PEOPLE are being asked to help replace missing milestones along the Lancaster Canal and to take part in a summer photo competition to celebrate the Lancaster Canal's bicentenary this year.

The Lancaster Canal Trust, made up of volunteers, and the Canal and River Trust, which looks after 2,000 miles of waterways, have teamed up to reinstate 24 missing mileposts between Preston and Kendal.

They will be handmade by north Lancashire stonemason Alan Ward as part of a school education project.

People are being asked to sponsor a milepost by giving up to £200 to fabricate and install each mile marker, or to help by volunteering their time.

Andrea Barrett, partnerships and external relationships manager at the Canal and River Trust, said it was "important" to put back the heritage and "leave a lasting legacy".

Meanwhile, amateur snappers have until October 31, 2019 to capture on camera what the Lancaster Canal means to them by entering a free photo competition.

Andrea said: "Whether you have a stunning shot of a kingfisher catching his dinner, the perfect photo of people on a boat trip or an image that highlights the canal’s important history, we want to see it.”

To enter, visit or you can share pictures on Instagram or Twitter with #Lanc200.

Photos will be featured in pop-up galleries to showcase the best entries throughout the year.

Further celebrations planned this year include:

l dozens of trail boats taking part in the Inland Waterways Trailboat Festival from June 1 to 3 at Crooklands

l wildlife and bat walks between May and September where you can learn how to identify trees, birds, bugs, pond life, bats and more

l a family-friendly bicentenary community festival on June 23 in Lancaster

l an exhibition called Barging Past at Lancaster Maritime Museum, now open until August 31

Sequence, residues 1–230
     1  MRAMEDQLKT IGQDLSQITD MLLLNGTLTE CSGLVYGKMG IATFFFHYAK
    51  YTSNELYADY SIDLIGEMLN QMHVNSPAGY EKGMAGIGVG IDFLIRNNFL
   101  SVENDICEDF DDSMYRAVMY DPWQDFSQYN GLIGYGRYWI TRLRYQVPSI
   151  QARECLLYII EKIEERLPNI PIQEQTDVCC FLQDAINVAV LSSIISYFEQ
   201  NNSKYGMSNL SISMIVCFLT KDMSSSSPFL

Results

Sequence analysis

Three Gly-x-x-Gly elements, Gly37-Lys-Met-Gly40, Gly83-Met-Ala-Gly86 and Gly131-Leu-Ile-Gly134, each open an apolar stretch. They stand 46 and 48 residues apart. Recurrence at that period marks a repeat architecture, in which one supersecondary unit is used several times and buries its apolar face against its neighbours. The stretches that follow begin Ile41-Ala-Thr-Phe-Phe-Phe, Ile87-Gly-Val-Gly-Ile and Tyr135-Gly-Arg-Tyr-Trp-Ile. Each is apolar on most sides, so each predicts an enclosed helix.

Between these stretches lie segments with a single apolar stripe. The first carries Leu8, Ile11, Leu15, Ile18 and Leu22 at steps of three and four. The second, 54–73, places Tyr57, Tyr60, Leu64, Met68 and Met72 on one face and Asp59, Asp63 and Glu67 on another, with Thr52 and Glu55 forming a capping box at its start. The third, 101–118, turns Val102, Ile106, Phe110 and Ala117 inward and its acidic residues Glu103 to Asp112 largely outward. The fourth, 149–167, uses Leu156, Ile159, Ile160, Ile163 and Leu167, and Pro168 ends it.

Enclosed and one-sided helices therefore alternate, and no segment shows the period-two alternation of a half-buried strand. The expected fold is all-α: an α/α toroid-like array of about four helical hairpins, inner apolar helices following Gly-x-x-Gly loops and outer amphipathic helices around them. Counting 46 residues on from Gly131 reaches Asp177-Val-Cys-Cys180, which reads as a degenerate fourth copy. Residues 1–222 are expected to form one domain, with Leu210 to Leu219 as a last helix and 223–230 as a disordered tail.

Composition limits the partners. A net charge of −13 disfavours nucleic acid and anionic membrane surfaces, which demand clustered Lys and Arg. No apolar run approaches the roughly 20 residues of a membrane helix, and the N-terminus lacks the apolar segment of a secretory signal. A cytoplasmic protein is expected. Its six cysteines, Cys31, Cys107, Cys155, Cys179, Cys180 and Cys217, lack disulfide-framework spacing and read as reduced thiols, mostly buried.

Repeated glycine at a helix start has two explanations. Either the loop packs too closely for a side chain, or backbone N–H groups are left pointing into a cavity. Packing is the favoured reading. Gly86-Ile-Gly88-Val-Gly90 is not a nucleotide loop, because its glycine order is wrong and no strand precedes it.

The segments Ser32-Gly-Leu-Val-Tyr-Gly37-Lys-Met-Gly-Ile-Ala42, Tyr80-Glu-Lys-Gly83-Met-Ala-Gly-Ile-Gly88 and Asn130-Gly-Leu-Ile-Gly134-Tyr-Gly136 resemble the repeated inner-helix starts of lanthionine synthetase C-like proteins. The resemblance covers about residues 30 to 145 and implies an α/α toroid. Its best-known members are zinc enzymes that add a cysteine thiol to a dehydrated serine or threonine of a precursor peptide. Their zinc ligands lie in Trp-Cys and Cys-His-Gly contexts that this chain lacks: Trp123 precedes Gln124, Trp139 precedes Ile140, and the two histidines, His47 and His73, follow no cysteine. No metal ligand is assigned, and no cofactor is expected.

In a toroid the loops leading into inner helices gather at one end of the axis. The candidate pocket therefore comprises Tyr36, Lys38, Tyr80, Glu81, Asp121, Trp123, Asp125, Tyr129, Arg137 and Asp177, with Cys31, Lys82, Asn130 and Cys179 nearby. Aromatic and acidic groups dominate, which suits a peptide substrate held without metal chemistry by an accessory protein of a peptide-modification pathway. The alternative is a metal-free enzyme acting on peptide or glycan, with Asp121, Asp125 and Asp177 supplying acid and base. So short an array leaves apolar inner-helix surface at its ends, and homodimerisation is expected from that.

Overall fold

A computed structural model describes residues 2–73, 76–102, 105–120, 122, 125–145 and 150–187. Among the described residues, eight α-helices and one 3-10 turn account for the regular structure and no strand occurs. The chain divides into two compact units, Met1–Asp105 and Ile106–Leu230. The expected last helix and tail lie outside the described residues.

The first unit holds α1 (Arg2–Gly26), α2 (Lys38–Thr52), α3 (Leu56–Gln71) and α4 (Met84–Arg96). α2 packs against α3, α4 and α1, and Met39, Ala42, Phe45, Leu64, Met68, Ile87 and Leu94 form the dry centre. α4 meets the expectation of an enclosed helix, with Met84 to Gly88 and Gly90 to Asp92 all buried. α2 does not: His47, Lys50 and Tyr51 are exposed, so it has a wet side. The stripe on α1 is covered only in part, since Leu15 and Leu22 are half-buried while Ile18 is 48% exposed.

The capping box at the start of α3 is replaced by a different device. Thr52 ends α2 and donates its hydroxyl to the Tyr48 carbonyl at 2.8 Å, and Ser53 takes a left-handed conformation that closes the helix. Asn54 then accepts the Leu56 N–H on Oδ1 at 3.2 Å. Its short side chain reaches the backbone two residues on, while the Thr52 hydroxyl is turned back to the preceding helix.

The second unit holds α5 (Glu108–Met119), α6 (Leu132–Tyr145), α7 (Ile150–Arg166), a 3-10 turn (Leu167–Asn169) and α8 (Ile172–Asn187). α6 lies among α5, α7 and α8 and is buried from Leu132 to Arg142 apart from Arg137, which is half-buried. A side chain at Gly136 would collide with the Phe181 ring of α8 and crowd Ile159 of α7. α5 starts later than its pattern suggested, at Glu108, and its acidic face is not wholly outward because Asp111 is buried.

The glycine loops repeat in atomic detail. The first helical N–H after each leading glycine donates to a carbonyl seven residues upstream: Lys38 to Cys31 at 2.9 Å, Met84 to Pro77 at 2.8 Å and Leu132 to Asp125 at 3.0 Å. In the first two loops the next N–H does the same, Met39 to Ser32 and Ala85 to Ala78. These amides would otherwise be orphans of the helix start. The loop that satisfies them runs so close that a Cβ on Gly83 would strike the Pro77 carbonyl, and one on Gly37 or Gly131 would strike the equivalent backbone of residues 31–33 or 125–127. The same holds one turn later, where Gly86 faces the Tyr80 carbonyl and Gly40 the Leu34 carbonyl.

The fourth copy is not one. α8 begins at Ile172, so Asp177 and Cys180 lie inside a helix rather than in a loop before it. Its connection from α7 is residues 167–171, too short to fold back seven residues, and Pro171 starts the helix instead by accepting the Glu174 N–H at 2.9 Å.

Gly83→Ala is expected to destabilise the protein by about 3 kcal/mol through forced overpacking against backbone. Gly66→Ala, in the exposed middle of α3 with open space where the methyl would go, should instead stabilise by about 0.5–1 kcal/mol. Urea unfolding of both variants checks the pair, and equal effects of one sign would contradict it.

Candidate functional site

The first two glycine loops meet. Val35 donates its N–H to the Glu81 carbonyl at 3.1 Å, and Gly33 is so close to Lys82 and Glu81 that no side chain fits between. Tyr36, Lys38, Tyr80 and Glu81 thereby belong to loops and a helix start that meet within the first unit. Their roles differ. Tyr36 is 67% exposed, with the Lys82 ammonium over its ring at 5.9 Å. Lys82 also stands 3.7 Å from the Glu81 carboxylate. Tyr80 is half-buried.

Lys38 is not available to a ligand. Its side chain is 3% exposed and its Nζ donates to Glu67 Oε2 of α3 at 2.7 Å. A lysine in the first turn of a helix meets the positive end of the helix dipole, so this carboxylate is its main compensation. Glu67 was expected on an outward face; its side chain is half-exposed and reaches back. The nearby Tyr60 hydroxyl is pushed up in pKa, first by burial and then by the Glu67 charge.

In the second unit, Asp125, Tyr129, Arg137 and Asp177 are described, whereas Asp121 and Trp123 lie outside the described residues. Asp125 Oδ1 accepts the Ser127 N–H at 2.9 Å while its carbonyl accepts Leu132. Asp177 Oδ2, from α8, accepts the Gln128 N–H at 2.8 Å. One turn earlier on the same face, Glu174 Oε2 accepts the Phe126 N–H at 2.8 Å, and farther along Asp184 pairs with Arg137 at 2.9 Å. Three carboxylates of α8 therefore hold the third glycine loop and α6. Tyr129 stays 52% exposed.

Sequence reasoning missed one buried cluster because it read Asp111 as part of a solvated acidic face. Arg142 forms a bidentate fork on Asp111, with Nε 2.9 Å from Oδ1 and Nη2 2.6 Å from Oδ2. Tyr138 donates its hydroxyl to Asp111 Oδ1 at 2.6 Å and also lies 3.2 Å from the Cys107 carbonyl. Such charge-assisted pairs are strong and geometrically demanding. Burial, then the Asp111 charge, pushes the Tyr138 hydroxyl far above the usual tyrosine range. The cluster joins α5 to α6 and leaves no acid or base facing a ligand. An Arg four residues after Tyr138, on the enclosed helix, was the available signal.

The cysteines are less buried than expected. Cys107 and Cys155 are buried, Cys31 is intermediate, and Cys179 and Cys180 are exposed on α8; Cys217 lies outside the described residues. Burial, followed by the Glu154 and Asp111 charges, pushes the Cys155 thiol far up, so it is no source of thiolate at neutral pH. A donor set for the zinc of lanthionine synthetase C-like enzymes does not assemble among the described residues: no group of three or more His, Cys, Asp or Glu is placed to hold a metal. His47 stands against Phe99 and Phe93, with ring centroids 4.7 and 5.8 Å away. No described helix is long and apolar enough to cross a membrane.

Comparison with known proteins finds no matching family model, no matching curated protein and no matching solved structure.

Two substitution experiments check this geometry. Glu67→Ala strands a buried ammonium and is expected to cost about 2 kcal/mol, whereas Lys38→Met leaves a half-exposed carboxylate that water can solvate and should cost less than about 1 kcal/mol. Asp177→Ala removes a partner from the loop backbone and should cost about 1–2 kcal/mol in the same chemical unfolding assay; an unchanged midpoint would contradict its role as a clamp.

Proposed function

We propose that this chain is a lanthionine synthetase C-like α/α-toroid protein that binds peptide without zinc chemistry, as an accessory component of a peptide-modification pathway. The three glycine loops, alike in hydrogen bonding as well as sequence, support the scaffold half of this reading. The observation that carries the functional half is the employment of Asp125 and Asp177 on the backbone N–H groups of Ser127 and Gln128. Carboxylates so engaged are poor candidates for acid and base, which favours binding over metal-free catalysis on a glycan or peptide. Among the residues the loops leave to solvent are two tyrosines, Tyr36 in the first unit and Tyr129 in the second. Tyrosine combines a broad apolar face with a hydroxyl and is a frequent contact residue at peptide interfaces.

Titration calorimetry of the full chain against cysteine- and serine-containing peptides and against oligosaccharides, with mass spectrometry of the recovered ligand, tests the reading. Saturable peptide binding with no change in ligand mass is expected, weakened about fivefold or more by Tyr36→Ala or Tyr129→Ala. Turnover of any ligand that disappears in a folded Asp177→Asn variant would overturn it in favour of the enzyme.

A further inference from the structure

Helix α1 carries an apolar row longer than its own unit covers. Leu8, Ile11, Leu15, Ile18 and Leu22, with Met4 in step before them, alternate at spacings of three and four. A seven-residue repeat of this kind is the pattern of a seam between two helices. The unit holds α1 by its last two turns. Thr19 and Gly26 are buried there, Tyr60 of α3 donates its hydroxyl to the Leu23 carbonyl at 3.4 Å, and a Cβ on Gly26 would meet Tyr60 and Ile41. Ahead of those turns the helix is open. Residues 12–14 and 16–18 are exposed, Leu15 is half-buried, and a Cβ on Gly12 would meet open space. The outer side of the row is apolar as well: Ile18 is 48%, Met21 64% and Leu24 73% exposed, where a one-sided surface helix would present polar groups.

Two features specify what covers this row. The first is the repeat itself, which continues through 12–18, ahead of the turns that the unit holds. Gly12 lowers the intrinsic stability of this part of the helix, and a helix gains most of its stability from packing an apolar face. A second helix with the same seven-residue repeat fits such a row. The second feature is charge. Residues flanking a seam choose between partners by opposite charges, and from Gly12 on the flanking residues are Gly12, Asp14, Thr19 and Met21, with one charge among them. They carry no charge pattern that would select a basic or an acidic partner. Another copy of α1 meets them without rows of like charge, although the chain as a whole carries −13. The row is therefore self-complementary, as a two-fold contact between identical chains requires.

l and a specially commissioned piece of art at the Kendal Torchlight Carnival on Friday, September 27.

For more details about these events and the photo competition, see

If you would like to sponsor a milestone, email

This year marks two centuries since the main line of the Lancaster Canal was completed.

The impetus for the canal came around 1770 from merchants of Lancaster seeking a link to the coal deposits around West Houghton and to the markets of Manchester to the south and Kendal in the north.

Engineer Robert Whitworth surveyed a route for the canal in 1772 but it was another 20 years before a route, surveyed by engineer John Rennie, was agreed upon.

The Act of Parliament "for making and maintaining a navigable Canal from Kirkby Kendal in the county of Westmorland to West Houghton" was obtained in 1792.

Construction started immediately under chief engineer John Rennie, with the first contract let for 18 miles between Borwick and Ellel Grange, followed by the length between Galgate and Garstang and for the southern section between Bark Hill (Wigan) and Nightingales (Chorley).

The canal between Preston and Tewitfield was opened in November 1797 and the southern section in 1803. The southern section was linked temporarily to the northern section by a tram line in 1804 until such time that an aqueduct across the River Ribble could be built.

In the event, the cost of building the aqueduct and the 27 or so locks required to raise the canal up to Walton Summit proved prohibitive and so the two sections were never linked by canal. The temporary solution lasted until 1864 when the southern section was leased to the Leeds and Liverpool Canal.

From 1805 the route north from Tewitfield to Kendal was reviewed but construction only began in 1813 under company engineer Thomas Fletcher and later William Crosley Junior. It was completed in 1819 with the opening date set for June 18, the fourth anniversary of the victory at Waterloo. The Westmorland Gazette wrote: "The 18th June was a glorious day for Old England. – The 18th of June will be a proud day for Kendal.”

The celebrations began at 7am when a procession of boats carrying the mayor of Lancaster and the Lancaster and Kendal Canal Committees left Lancaster. A similar procession left Kendal just before 10am, the two meeting at Crooklands at lunchtime. The two processions joined forces and returned to Kendal, arriving at about 5pm.

Throughout the day there were canons firing, flags and bands of music and the canal was lined with "numberless" spectators.